Lipomas in the hand and wrist

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OF all the benign soft-tissue tumors, lipomas are the most frequently encountered. The presence of a small lipoma on the back or about the hip or shoulder is seldom even mentioned in a routine physical examination unless the patient has some symptoms referable to the tumor. The doughy, cystic feeling of a subcutaneous lipoma is so typical that the examining physician may assure his patient that the tumor is benign and excision is not necessary unless the tumor is causing pain, is increasing in size, or is lying in a region that is subject to constant irritation.

Despite the fact that there is a moderate amount of fat distributed throughout the hand and wrist, lipomas in these sites are not common. Less than 50 lipomas of the hand have been reported in the literature, and the majority of these reports were of a single case.1–4 In a series of 500 benign subcutaneous tumors of the hand seen at our institution during a 10-year period, there were only seven lipomas.5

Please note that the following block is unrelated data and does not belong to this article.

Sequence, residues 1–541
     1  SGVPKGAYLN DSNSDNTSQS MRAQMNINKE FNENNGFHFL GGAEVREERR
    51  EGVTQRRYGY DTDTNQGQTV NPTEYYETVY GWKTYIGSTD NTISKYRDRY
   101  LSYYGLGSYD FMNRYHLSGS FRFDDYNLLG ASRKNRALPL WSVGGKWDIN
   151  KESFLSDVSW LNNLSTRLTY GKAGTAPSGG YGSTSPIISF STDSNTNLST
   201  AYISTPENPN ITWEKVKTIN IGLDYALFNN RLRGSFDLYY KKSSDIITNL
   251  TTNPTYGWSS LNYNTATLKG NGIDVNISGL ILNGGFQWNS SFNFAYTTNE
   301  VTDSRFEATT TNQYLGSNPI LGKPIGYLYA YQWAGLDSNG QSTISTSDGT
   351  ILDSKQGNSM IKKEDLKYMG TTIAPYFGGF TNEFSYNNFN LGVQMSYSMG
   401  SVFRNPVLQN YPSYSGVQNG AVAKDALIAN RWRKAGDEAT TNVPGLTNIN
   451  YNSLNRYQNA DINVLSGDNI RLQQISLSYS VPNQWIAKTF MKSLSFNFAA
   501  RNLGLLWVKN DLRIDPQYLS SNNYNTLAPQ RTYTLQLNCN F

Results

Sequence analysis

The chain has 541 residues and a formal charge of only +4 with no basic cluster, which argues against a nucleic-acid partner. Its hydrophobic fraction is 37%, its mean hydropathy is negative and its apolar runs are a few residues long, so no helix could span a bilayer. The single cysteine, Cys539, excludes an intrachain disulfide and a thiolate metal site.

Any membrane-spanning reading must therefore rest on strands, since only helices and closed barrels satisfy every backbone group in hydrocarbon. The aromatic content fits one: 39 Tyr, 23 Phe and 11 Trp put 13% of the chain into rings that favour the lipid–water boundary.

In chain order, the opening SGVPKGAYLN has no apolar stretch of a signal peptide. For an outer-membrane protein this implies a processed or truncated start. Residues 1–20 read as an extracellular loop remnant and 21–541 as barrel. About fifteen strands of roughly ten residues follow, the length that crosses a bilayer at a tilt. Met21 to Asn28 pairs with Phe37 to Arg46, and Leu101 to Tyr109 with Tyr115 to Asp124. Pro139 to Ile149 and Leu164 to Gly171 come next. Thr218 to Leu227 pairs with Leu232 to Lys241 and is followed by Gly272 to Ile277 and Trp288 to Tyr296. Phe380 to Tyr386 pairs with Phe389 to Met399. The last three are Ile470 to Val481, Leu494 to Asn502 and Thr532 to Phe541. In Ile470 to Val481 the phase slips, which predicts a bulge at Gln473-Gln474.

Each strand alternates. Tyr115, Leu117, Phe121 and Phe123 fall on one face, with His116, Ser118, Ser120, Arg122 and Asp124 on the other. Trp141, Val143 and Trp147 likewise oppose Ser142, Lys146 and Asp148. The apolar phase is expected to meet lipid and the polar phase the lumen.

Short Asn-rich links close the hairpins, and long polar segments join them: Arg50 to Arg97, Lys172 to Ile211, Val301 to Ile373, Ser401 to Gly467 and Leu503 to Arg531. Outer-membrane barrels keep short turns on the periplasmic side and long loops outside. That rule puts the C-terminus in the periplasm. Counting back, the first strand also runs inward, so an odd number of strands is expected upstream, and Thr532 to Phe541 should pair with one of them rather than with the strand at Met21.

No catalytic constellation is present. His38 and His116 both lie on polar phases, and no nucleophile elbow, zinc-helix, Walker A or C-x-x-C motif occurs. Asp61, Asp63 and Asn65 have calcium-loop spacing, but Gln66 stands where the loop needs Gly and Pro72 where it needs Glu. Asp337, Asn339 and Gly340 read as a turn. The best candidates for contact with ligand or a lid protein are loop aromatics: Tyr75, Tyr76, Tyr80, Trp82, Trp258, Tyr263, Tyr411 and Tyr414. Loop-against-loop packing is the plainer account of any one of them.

We have recently reviewed the records of all patients with the diagnosis of lipoma of the upper extremity, seen at the Cleveland Clinic during the period 1948 to 1967.6 There were 247 patients in this series; 112 patients underwent surgical excision of the tumors, and pathologic examination revealed a benign lipoma in each specimen.

In our series of 112 pathologically proved lipomas there were 12 in the hand—one affecting the entire palm, two each in the thenar eminence, four each . . .



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